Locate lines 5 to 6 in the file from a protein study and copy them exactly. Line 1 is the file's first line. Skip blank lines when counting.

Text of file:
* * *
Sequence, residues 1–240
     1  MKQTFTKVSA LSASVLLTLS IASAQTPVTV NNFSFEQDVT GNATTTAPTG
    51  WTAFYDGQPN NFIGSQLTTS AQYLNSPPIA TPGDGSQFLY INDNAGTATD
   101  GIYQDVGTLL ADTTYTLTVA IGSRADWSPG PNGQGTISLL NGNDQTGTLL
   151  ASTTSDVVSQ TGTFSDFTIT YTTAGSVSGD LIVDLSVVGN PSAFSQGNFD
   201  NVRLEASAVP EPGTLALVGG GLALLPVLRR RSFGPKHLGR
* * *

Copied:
   151  ASTTSDVVSQ TGTFSDFTIT YTTAGSVSGD LIVDLSVVGN PSAFSQGNFD
   201  NVRLEASAVP EPGTLALVGG GLALLPVLRR RSFGPKHLGR